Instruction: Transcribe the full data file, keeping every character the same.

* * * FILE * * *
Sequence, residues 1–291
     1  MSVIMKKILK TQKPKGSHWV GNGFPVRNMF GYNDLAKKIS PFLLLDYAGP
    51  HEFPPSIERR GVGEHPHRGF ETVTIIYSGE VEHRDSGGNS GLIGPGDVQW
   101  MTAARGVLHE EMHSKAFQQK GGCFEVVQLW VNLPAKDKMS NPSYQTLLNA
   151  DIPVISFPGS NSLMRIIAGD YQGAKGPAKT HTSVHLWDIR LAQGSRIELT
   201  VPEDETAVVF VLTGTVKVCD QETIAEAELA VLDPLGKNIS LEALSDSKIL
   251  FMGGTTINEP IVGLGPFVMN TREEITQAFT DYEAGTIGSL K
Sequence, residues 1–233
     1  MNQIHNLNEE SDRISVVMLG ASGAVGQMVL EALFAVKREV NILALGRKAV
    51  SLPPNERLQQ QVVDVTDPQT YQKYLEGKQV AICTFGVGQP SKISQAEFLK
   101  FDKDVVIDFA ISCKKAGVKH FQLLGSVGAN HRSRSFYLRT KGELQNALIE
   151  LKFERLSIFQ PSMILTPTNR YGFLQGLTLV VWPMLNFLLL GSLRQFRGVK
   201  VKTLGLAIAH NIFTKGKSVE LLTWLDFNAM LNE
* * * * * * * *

Sequence, residues 1–291
     1  MSVIMKKILK TQKPKGSHWV GNGFPVRNMF GYNDLAKKIS PFLLLDYAGP
    51  HEFPPSIERR GVGEHPHRGF ETVTIIYSGE VEHRDSGGNS GLIGPGDVQW
   101  MTAARGVLHE EMHSKAFQQK GGCFEVVQLW VNLPAKDKMS NPSYQTLLNA
   151  DIPVISFPGS NSLMRIIAGD YQGAKGPAKT HTSVHLWDIR LAQGSRIELT
   201  VPEDETAVVF VLTGTVKVCD QETIAEAELA VLDPLGKNIS LEALSDSKIL
   251  FMGGTTINEP IVGLGPFVMN TREEITQAFT DYEAGTIGSL K
Sequence, residues 1–233
     1  MNQIHNLNEE SDRISVVMLG ASGAVGQMVL EALFAVKREV NILALGRKAV
    51  SLPPNERLQQ QVVDVTDPQT YQKYLEGKQV AICTFGVGQP SKISQAEFLK
   101  FDKDVVIDFA ISCKKAGVKH FQLLGSVGAN HRSRSFYLRT KGELQNALIE
   151  LKFERLSIFQ PSMILTPTNR YGFLQGLTLV VWPMLNFLLL GSLRQFRGVK
   201  VKTLGLAIAH NIFTKGKSVE LLTWLDFNAM LNE